What Is a Target Audience?
A target audience is a group of people that products, services, or marketing efforts are aimed toward, typically defined by traits like age, gender, income, interests, challenges, and goals. Targeting the right audiences can help you reduce costs and increase conversions.
For example, a target audience for a high-end fashion brand might be affluent women between the ages 30 and 45 who are interested in luxury goods.
Enter up to five rival domains. (Or click “Create List” and enter up to 100.) And the tool will gather information about their audiences’ demographics, socioeconomics, and behavior.
You can use this data to create more effective marketing materials and campaigns.
Next, let’s see how the target audience definition differs from target market and buyer persona definitions.
Target Audience vs. Target Market
A target market is the entire group of people who might be interested in your products or services. This means the target audience is a subset of the target market.
For example, the target market for a high-end fashion brand might include not only the affluent women in the target audience, but also the friends and family members who may purchase gifts for them.
Target Audience vs. Buyer Persona
A buyer persona is a profile that represents an archetypal member of a target audience. It should provide a detailed idea of who you’re addressing. To help you engage them effectively.
For example, here’s a persona built with the Semrush Persona tool:
Why You Should Find Your Target Audience
Finding your target audience allows you to tailor your marketing strategies to the right people: People who are likely to buy your products or services. And therefore increase conversion rates.
Plus, advertising to a narrower audience tends to be cheaper.
Getting clarity on your target audience can benefit the following areas of your marketing and more:
- Copywriting: How should you describe your offers to attract and convert your target audience?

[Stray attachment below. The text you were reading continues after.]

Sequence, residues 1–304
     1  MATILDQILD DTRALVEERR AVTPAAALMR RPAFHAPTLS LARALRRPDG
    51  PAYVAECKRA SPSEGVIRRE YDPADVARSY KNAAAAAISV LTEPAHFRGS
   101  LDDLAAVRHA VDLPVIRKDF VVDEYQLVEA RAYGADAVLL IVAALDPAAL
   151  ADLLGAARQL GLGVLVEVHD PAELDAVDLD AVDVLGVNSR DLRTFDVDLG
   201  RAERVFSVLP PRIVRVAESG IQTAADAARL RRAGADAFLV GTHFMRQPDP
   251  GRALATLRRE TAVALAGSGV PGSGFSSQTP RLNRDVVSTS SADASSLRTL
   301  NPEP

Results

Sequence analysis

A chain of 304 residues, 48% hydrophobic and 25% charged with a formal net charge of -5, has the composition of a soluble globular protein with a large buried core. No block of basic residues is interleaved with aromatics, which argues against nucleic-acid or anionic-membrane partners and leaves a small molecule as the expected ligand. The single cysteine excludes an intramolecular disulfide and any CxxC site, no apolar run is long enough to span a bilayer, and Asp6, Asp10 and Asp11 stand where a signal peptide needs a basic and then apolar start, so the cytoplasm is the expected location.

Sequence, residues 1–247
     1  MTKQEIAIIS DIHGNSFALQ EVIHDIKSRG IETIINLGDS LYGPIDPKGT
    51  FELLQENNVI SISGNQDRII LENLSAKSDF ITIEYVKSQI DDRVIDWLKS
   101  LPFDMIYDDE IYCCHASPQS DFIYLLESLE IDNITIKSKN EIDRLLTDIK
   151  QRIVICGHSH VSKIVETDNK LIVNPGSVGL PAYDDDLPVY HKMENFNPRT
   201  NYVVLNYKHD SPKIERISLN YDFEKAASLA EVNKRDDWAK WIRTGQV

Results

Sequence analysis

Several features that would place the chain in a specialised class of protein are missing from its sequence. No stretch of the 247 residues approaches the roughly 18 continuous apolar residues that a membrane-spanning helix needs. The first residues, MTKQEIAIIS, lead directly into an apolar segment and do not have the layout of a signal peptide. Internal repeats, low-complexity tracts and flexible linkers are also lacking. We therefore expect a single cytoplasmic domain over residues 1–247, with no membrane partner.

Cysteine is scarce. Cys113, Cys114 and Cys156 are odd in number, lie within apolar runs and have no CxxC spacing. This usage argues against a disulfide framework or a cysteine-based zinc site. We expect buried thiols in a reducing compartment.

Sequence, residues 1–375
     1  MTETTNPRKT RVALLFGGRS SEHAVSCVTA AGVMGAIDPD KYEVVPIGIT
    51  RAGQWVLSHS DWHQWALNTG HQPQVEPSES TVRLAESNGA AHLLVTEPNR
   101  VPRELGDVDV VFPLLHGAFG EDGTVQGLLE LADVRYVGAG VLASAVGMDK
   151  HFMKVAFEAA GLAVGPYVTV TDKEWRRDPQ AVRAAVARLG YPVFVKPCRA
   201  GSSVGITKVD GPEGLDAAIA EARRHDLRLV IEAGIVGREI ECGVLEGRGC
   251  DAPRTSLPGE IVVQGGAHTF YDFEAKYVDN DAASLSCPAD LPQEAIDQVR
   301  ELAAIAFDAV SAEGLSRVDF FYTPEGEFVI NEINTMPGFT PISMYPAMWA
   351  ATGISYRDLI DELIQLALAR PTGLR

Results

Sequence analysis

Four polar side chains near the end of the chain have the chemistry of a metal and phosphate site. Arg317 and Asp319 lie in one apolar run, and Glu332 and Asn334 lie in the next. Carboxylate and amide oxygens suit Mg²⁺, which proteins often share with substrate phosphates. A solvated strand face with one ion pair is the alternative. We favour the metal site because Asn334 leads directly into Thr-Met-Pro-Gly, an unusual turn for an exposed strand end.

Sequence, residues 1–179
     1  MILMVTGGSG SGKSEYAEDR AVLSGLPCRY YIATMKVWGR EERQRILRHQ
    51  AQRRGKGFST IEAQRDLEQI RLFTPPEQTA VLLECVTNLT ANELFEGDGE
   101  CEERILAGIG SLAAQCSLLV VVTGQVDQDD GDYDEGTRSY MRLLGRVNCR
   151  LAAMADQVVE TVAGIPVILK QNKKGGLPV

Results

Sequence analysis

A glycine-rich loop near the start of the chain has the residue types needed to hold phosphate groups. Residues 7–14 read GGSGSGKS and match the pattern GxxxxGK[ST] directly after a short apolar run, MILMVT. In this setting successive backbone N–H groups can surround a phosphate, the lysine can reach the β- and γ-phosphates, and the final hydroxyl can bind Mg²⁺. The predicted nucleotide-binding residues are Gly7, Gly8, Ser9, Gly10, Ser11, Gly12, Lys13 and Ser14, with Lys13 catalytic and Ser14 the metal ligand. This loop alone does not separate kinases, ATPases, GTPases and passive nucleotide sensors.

- Content marketing: What blog posts, videos, and podcasts should you create to attract your target audience?
- Email marketing: What specific messaging should you use in your email campaigns?
- Social media marketing: Which platforms are most important to be present and active on?
- Social media advertising: Which users should you target? What kind of content should you promote?
- Pay-per-click (PPC): Where should you spend your dollars? And what targeting options should you utilize?
- Search engine optimization (SEO): Which keywords do your target audiences use?
Researching and understanding your target audience profile is the first step of any marketing campaign.
Types of Target Audiences
Let’s look at some of the most useful types of target audiences. Marketing to these groups can help you achieve important goals and get better results.
Target Audience Type
People located in a particular area. This can be broad (e.g., a country) or narrow (e.g., a town).
People who are willing to try new products or services as soon as they’re available.
People who currently use a competing product or service.
People who might influence your other target audiences (e.g., industry bloggers and podcasters).
People who have already purchased a product or service from your brand.
Here are some other useful ways to define and segment your target market:
Age group, gender, income level, household size, etc. These can all influence the audience’s needs, habits, and preferences.
Find out where your audience spends time online so you can reach them there. And consider how lifestyle habits affect their buying decisions.
Understanding your target audiences’ interests can help you create marketing campaigns that resonate with their passions and motivations.
Where is the target audience in the marketing funnel? The earlier in the funnel they are, the less salesy your approach should be.
Knowing how much your audience cares about price, quality, eco-friendliness, etc. helps you engage them effectively.
By knowing what your audience wants to achieve, you can tailor your messaging to appeal to their specific needs and aspirations.